Metal is unequivocally a guitar driven genre. No matter what trend is taking hold amongst metalheads or what purists are latching onto; no matter what gimmick or innovation captures the scene. Guitar has always relied on electric guitars as its backbone. And the art of the guitar is extensive and thorough. Players are always crossing new thresholds. There’s no limit on what can be done on a guitar and we see that time and time again. Whether it just be a guitar tone we’ve never heard before, adding more strings, mastering a new technique or blending opposing influences, amongst a myriad of other ways artists hone their craft, there seems to be no end to what the next guy can do next.
Even when mastery is established, it allows the next guy to use another guitarists peak as a stepping stone to the next level. Archspire, as an example, constantly pushes the boundaries on how fast guitarists can play. The art of shred is so prevalent in metal that benchmark bands like Periphery and Animals As Leaders had to innovate techniques, and write increasingly complex guitar parts that had to then be delegated to other guitarists to achieve success. Logical conclusions but also lateral movements within the shred scene. With this being said, plenty of guitarists have achieved some kind of skill ceiling, especially in regards to shred. The constant outdoing and building on each others skills has left a vast landscape that has been poured over and navigated with exponential efficiency.
Now, it may not be possible for a guitarist to blow the lid off the scene anymore. Too much ground has been covered. Especially in regards to “shred”. However, a band like De Lirium’s Order occasionally reminds us that super tight, straight forward shred isn’t tapped out. There’s some wiggle room on the threshold that shred guitarists have reached. And we’ve known about this band for a while. But with seven years between their 2012 effort, Veniversum and Singularity, the band effectively came out of the woodwork. A few of us around the blog always knew of a Finnish virtuoso who embodied the spirit of Chuck Schuldiner and flew around the fretboard with untempered energy. But his return feels triumphant. Being such a formidable guitarist to start with, Jupa Kupiainen appears to have improved. Bolstered by an iconic foundation, Jupa proves his fresh ideas, peerless note choice and technical mastery makes De Lirium’s Order sound like they got away with something they shouldn’t have.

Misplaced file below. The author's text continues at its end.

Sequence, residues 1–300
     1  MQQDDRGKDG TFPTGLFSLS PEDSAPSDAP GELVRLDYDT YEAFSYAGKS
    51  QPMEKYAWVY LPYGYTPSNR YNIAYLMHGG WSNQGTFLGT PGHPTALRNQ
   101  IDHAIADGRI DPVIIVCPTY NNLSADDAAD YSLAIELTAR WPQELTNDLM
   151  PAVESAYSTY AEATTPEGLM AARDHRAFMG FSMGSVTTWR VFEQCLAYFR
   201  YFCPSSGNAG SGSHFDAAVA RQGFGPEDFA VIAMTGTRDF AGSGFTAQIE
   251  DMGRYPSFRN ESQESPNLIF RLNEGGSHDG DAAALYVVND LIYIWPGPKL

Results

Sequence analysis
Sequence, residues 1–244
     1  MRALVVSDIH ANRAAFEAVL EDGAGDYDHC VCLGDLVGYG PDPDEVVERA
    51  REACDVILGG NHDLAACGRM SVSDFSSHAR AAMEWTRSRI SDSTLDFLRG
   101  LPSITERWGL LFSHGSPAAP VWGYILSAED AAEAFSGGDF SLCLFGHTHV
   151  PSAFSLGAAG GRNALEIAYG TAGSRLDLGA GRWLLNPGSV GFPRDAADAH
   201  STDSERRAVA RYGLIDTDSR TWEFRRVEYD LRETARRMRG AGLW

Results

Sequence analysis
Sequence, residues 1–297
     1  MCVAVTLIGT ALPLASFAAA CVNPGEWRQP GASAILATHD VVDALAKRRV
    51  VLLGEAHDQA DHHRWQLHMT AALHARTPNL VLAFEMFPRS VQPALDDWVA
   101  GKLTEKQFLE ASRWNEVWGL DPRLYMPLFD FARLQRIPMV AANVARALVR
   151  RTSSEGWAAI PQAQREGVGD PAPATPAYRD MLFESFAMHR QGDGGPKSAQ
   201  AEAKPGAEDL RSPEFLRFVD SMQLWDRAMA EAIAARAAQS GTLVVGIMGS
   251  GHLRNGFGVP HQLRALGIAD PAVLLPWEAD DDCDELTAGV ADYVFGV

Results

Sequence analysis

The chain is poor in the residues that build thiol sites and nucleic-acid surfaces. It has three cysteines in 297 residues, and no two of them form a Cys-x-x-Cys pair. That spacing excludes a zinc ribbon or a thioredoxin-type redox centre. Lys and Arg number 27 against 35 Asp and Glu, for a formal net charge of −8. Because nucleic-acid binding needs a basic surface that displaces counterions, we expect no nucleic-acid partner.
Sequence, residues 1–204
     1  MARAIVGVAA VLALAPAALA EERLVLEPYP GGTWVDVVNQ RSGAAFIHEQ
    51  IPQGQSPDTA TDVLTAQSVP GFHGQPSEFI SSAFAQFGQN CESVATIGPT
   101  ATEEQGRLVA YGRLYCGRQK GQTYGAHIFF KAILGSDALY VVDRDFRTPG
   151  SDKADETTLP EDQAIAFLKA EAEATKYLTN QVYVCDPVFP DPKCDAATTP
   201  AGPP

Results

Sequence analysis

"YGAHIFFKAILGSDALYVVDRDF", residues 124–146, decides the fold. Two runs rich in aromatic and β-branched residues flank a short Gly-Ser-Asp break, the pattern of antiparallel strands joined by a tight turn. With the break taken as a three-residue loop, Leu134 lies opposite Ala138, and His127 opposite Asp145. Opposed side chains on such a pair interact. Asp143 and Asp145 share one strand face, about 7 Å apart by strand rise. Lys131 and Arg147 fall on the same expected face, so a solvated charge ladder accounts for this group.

The guitar work on Singularity is phenomenal. It’s in no way the best of all time or super innovative. But it is somewhere close to perfect. Melodies follow complex counterpoints. Bread and butter melodeath riffs aren’t fed into harmony, but rather varying degrees of dissonance. No opportunity is wasted between guitar sections either. When all pistons are firing, the guitar never wastes an oppurtunity to chew the scenery. If the playing wasn’t so comprehensive and near-perfect, it would be utterly dizzying. Instead it’s a never ending barrage of enthralling, unique and creative riffs, solos, runs and transitions. Coloured in by razor sharp guitar tones,
Singularity is ambitious. Despite being a showcase for Jupa’s incredible guitar work. The album is surprisingly varied. It’s ripe with progressive elements like clean vocals, folk instruments and acoustic guitar interludes. Though the elements never feel out of place or forced. In fact the song structures themselves are so accommodating that if this were any other band, it would end up being either an avante-garde experimentation or just super gimmicky progressive death metal. But Singularity dodges these barriers of entry. It’s super solid and the concise runtime means that listening to it is a breeze. The variety, over the top guitar work and energy of the band trying to keep up with the star instrument of each movement allows this album to sit comfortably in the echelons of premium tech-death.
Singularity is out now and available for streaming and purchase on the band’s Bandcamp page.